Saturday, February 12, 2011

Valentines projects

I've been busy getting ready for the big Monday Valentines Day.  Grade 7 kids are pretty hot & cool about this stuff but this is the last year they do classroom based Valentines projects.  I've been busy with my Gypsy, a portable design tool from ProvoCraft, that enables me to use my Cricut Expression for projects.  A Cricut is essentially a plot cutter for the crafting world & fairly easy to use once the learning curve is navigated.  It uses cartridges that have collections of images.  The cartridges can be linked up to the Gypsy & that speed-lines accessing the images.  There are piles of YouTube videos & information on the internet so I won't go into it more than that.  Thanks to all the fabulous bloggers, Cricut & Cricut Circle Message-board users I have been learning like crazy about all sorts of tricks & techniques.

I've been thinking about mailboxes & designing my own & it has been entertaining & challenging to create.  There is one already designed on the Cricut cartridge  "Love Struck 2010" but I didn't like the size limitations.  I got busy with the "George & Basic Shapes" cartridge & created a prototype file, cut out about 12 variations while I played with proportions.  If I were more mathematically inclined I could've done it easier I suppose, but I'm a more intuitive style crafter & it didn't bother be to do test cuts on yucky paper.

This is the best prototype mailbox, it measures 3" wide, by 2.5" high  by 3.5" long.  Cute huh!

This is the prototype file how it shows up on the Gypsy.  I used the "George & Basic Shapes" cartridge & played around until I liked it.  I don't know how to share these cut files yet, lots more learning for me.  I'm not a technological computer type gal.

I enlarged & split the prototype into 2 components, this is the base file.  Sorry its a bit blurry.

This is the roof & flag file.

This  is how the files look cut out.  It looks pink but its really red paper, funky light tricks somehow.  I will give one as a tracer for the class to use & one constructed to show how it looks.  I used good old poster-board, cheap & easily available,

I used a pencil to do the scoring.  Scoring breaks the surface tension of the paper & allows it to fold & crease nicely.

No measuring needed.  Lay the roof piece over the base piece & score it.  Lay the base over the roof to score the flaps.  Use a little ruler or any straight edge to score the little tabs.  Fold all the scored lines.

One side of the roof attached.  A glue gun would be simplest to use for a classroom project.  Adults needed depending on age & ability of the kids.  I recommend a bucket of snow nearby for immediate dip of singed fingers if it should happen.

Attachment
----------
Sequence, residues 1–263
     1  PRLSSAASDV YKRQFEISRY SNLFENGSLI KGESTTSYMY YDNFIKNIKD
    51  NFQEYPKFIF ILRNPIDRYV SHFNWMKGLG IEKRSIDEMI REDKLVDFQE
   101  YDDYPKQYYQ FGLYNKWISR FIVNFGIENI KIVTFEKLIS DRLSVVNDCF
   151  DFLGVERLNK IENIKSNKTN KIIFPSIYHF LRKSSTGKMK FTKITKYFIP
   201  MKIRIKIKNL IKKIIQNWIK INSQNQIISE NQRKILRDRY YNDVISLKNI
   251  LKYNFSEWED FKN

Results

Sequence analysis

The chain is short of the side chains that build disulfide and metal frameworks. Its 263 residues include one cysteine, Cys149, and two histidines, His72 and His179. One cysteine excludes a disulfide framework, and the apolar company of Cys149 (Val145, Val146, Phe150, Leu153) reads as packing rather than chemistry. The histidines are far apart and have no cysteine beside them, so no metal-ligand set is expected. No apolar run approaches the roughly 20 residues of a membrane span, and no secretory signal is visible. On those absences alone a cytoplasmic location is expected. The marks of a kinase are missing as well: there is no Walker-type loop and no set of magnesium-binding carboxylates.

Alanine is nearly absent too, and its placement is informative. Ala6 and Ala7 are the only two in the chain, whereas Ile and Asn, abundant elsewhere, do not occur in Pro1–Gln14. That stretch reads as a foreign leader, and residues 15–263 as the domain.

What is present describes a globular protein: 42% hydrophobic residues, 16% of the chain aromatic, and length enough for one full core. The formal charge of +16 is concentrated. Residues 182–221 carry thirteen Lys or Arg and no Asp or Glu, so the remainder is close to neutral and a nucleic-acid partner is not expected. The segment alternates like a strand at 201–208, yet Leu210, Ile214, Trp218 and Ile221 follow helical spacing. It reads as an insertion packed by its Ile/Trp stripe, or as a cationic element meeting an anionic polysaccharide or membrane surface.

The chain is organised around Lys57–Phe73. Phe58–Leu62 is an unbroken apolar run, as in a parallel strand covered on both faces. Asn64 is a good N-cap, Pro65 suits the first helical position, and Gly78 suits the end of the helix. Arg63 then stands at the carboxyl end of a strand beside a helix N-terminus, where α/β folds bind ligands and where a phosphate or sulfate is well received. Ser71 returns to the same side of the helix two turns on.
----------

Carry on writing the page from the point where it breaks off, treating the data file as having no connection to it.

Both sides of the roof attached.

 The inside of the mailbox with the tabs not stuck down very well yet.

Voila, completed mailbox!  It measures about 7" wide by 5 3/4" high by 8" long.  The flag is on with a split back attacher, very common in most schools.  If you have loads of time you could add 2 more score lines lined up with the big tabs on the roof to create a horizontal visual line.  That kinda shows up on the prototype picture.  The roof could be doodled & decorated before attaching.  I'm leaning more towards stickers to decorate.  Each kiddo can doodle their name in the opening flap.  I didn't bother with a paper closure on the design because its only going to be ripped off by the first impatient kiddo & spoil it.  Tape it closed at the end of the day to send home & everyone's happy.  A second split back closure could be centred at the top of the opening similar to old fashioned mailbox mechanisms but I never tried that.

There is tones of discussion to generate with this project among a class.  It would definitely challenge kiddos to think.  How would you make a 3D image like this?  Also I think this would be a great team project: tracing, cutting, scoring, folding, gluing, flag attaching, whew!  The discussion about assembly line production in factories everywhere would be enlightening.  How about child labour discussions?  Could you imagine assembling the same thing every day?  I don't remember discussions like that in grade school.

These are bookmark Valentines about 3.5" tall, from "Tags Bags Boxes & more" cartridge.

More bookmarks for Valentines similar size to the hearts, from  "Tags Bags Boxes & more" cartridge.

Happy Valentines Day!!!

1 comment:

  1. happy Valentine's day to you too! I like those bookmarks. I forget about the oldies but goodies on some of the first cartridges!


Thank you for taking a minute to share your thoughts.